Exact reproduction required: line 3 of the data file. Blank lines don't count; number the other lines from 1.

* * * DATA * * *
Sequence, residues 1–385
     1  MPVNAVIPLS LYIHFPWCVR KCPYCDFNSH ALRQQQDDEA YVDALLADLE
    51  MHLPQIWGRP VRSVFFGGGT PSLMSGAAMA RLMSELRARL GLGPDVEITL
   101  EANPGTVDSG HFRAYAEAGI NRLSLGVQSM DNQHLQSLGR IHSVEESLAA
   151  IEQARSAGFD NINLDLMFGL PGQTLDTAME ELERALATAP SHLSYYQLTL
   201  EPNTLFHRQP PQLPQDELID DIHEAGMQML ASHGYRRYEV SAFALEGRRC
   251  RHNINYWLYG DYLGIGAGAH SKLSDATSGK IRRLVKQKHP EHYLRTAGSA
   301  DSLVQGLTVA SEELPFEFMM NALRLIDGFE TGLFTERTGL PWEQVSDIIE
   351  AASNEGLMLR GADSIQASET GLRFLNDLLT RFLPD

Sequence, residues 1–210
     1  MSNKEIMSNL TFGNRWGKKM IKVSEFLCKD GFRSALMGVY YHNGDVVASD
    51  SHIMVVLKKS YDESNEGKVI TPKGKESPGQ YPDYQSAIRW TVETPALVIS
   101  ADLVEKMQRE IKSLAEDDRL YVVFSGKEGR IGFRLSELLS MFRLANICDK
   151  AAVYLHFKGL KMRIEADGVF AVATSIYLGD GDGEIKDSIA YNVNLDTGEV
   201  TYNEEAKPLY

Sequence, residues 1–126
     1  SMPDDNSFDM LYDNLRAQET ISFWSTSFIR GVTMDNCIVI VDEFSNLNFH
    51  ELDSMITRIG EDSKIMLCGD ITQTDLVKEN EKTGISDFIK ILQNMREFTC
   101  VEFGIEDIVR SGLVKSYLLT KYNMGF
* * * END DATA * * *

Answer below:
    51  MHLPQIWGRP VRSVFFGGGT PSLMSGAAMA RLMSELRARL GLGPDVEITL